Restaurants in Paris
French cuisine is arguably unparalleled. Choosing one restaurant can be difficult, so we've done the research for you and come up with a few tried-and-true Paris restaurants. Duck cooked to perfection is the signature dish at Chez Janou, a Provençal bistro in Le Marais; there are more than 80 kinds of pastry on the dessert menu, but we recommend ordering the melt-in-your-mouth chocolate mousse. Conveniently located just two blocks from the city's central train station, A La Biche au Bois doesn’t take itself too seriously and dishes up fantastic game such as rabbit and its namesake biche (young female deer). Vegetarians needn't despair; the salads are equally tasty. Astier is a bit harder to find but well worth the effort for its wine cellar and bistro fare. Meanwhile, A La Petite Chaise has perfected everything from the well-crafted menu and artful plating to the traditional décor and impeccably trained staff—after all, it is known as one of the best restaurants in Paris, and the oldest, dating back to 1680. Some restaurants in Paris, such as Le Jip, also serve international cuisine. Order the chicken creole in coconut milk with a mojito, and plan to stay for late-night salsa dancing.
A go-to bistro for the trendy locals of Marais, Café Charlot is housed in a former bakery across from the Marche des Enfants Rouge—literally the “Market of Red Children,” the oldest food market in Paris.
Le Comptoir du Relais has quickly become known as a modern French bistro with no-reservations lunches and hard-to-get reservations dinners.
A modern interior with blond wood and translucent plastic chairs sets the stage for trendy Parisians and tourists who might want a switch from traditional French fare. The family-owned and operated Little Italy Trattoria serves generous portions of fresh pasta and salads in Le Marais.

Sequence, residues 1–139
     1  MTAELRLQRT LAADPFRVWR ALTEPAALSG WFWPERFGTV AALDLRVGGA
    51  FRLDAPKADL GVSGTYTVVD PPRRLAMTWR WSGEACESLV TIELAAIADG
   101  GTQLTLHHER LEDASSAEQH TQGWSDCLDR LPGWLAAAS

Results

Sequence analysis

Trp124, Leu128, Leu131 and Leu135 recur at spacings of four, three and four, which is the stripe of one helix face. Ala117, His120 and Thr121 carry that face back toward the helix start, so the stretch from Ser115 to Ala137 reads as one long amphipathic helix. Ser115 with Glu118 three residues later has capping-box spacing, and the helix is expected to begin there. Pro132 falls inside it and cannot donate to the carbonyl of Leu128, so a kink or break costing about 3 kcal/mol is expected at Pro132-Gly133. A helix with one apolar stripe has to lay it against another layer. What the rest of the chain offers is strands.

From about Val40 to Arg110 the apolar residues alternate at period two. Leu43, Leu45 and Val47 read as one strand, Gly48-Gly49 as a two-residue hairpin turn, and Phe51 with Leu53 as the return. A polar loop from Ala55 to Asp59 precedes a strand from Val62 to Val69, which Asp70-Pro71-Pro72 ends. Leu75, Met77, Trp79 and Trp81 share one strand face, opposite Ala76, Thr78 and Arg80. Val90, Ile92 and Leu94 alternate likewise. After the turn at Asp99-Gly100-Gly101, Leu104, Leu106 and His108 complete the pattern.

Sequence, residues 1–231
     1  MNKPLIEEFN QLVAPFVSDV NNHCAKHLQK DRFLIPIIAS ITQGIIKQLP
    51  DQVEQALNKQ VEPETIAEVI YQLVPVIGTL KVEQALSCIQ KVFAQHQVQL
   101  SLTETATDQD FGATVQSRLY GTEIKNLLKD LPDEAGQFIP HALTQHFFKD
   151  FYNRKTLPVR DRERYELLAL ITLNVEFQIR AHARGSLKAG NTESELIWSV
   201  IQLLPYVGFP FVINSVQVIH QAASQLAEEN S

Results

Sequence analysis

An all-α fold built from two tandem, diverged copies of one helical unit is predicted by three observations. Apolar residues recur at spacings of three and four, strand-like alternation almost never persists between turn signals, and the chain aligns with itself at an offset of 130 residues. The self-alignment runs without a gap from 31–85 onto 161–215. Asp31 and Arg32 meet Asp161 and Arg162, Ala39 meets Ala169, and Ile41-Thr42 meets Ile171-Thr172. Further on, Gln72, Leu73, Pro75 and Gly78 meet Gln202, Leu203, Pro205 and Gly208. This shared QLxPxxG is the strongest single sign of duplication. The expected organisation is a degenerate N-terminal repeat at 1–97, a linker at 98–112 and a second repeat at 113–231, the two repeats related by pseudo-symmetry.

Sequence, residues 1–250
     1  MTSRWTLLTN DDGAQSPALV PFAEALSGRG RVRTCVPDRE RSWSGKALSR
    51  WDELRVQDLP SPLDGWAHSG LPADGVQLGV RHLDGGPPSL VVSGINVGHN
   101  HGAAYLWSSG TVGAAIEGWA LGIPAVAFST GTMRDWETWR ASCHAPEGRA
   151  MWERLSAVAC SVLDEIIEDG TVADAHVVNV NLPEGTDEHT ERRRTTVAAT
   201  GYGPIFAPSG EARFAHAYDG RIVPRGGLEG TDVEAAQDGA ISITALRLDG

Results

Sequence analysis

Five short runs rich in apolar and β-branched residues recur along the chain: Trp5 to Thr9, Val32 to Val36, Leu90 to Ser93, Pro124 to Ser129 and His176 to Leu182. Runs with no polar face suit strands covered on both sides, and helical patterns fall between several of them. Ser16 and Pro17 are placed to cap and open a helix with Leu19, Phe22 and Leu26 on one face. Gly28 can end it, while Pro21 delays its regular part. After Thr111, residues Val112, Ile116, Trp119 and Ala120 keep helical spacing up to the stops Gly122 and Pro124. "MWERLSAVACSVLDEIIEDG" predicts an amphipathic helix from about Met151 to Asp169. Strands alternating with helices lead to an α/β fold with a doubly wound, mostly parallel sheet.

Fauchon is easily recognizable from its hot pink and black store front. The flagship store on Place de la Madeleine houses a patisserie and boulangerie that sell sandwiches, breads, and desserts; rows of pastries line the gold walls.
Located in a former jazz club, La Société is part of the Costes brothers' empire, a portfolio of upper-echelon Parisian restaurants.
Everything about this sleek room in shades of café au lait suggests a serious restaurant, but the set-meal prices say bistro.
Paris's temples of fine dining at reasonable prices are its brasseries, a cross between a café and a restaurant where simple dishes start around $20.
Situated near the Place de la Bourse in the Second Arrondissement, this traditional French restaurant is located in the two-story building that was once home to Le Petit Coin de la Bourse.
Tough to beat for ambiance, this hip and lively Spanish restaurant on the banks of the Seine brings a bit of old Madrid to the city of lights.
Le Cinq, located on the lobby level of Paris’s Four Seasons George V Hotel, offers a seasonal menu of French cuisine prepared using traditional French methods with an element of modernity in the execution.
Created by the same manager behind the all-but-inaccessible nightclub Le Baron, this hotel’s restaurant, bar, and lush terrace serve as the Paris headquarters for many of the hottest names on the fashion and art scenes.
As avant-garde as its surroundings, Tokyo Eat is located in the Palais de Tokyo, a contemporary art museum dedicated to showcasing cutting-edge talent. Inside the cavernous, industrial-style dining room, colorful UFO-shaped light fixtures flash overhead in time to the background music.
Very well known, chef Pierre Gagnaire serves high-priced, modern cuisine at his flagship 3-Star Michelin restaurant on rue Balzac.
Gordon Ramsay au Trianon restaurant is located within the Trianon Palace, a Waldorf Astoria hotel that overlooks the magnificent Château de Versailles grounds.
Presidents from across the globe, including Jacques Chirac, Bill Clinton, and Vladimir Putin, once dined at this traditional bistro in the Seventh Arrondissement, just a five-minute walk from Les Invalides.